By Kirsty O’Leary, 3rd Year Fashion Marketing and Branding Student
Content Warning: Mention of Eating Disorder
This week is Eating Disorder Awareness Week, which aims to raise awareness and educate people on Eating Disorders. It can be difficult to know how to approach the situation when someone close to you has an Eating Disorder, and despite sometimes feeling helpless, there are various ways to support someone experiencing it.
It is completely normal to feel worried about the person, be unsure how you can help and put pressure on yourself to try and solve what they are going through. This blog post will highlight some of the things you can do to support someone with an Eating Disorder, and also address how to navigate a conversation surrounding Eating Disorders. These are things that I have learnt through my own personal experience in supporting someone with an Eating Disorder.
Let them know you are there to listen
This is one of the most important things you can do to support someone. By simply letting them know they are not fighting this battle alone and that you are always there to listen to how they are feeling.
Ask how they are feeling, don’t just assume
If you are able to have an open conversation with someone about their Eating Disorder, it is essential that you ask questions to try and understand their point of view. You might not be able to understand exactly how and why they are feeling these things, but you can try to sympathise in order to understand their emotions.
Encourage them to seek treatment if they feel ready
When someone opens up to you about their Eating Disorder, it can put a lot of pressure on you to try and help. You have to remember that you are there to support them, but may not be able to give them the help they need in order to recover. Guide them in the direction of a professional, such as a GP, but be mindful that they might not feel ready to seek help just yet.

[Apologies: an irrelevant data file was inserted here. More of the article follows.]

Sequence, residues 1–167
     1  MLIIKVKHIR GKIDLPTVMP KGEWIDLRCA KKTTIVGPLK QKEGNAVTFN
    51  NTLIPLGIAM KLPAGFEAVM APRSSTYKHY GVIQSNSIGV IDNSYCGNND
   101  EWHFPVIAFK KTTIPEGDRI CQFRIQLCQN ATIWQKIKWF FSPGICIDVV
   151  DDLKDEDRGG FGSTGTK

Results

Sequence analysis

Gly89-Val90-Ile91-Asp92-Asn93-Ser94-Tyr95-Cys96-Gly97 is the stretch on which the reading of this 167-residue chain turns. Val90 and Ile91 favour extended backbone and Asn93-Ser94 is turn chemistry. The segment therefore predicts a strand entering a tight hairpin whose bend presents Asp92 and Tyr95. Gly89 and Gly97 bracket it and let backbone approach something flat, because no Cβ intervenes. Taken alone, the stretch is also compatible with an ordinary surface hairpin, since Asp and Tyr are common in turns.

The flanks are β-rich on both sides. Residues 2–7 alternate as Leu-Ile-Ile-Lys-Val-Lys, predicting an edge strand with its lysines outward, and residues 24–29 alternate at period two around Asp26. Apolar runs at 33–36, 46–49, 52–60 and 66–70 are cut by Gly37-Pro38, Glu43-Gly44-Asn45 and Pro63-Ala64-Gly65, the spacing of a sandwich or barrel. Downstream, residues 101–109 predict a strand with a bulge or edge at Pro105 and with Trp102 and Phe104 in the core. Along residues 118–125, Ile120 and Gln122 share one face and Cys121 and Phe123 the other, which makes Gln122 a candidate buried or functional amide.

Educate yourself, but do not inflict advice onto them
Do your own research to understand more about what your loved one is going through, but do not try and give advice or criticise. Eating Disorders manifest in different ways for each individual, so be wary of giving advice as it might not be right for the person you are supporting. Charities like Mind and Beat have websites which provide clear information about Eating Disorders which can be easily accessed online.
Recognise that it is an illness
It is easy to associate someone’s illness with who they are as a person. Remember to try and see the person beyond the disorder so they do not feel isolated and alone. By being able to recognise Eating Disorders as an illness, and understanding that your loved one is not to blame, you can continue to build a relationship and support them in their struggle.
Navigating conversations surrounding Eating Disorders
So, your close friend or family member has just opened up to you about their Eating Disorder, where do you go from here?
Don’t push them into talking about it if they don’t feel ready
One of the most helpful things you can do for someone with an Eating Disorder is to let them know that you are there for them when they feel ready to open up. Do not put pressure on someone to talk about it when they do not feel comfortable, and instead build your trust simply by letting them know you are there.
Ask if there is anything you can do
Everyone who experiences an Eating Disorder will have their own individual battles and what they struggle with, and this means that the best way to help someone is to ask them the best way to offer support. This may include avoiding certain triggering topics like body image or food, or suggesting to do a food shop together (particularly at University where the independence of having control over your own eating may be a particular struggle). Additionally, if they ask you to assist them in seeking professional help, you could offer to go to appointments with them, or be there to have a chat with them after.
Be sensitive about the language you use
Often, a lack of understanding or insensitivity surrounding Eating Disorders can make conversations difficult. It is important to have these difficult conversations and be as open as possible, but the language you use has a huge impact. Ensure your tone is supportive, and does not come across like you are blaming your loved one for their illness. Secondly, try not to comment on their appearance, and instead use language which shows them how valued and appreciated they are by yourself and others.
Talking about and supporting someone with an Eating Disorder can be challenging. But by reducing the stigma surrounding Eating Disorders, encouraging conversations, and letting people know you are there, you can support someone struggling.
If you or a friend is in need of support within Nottingham you can refer into FREED via your Nottingham GP. For more information go to our Healthy NTU webpage.
For help, advice and resources whilst studying at NTU, take a look at the following for sources of support.
- Support from NTU
- Self-Care books in NTU’s libraries
- Silvercloud: SilverCloud is our online system designed to help with a range of mental health issues.
- Health and Wellbeing resources
- NTSU Information and Advice service
- Wellness in Mind: Advice and support for anyone in Nottingham experiencing issues with their mental wellbeing
- Student Minds or Student Space
- 10 Keys to happiness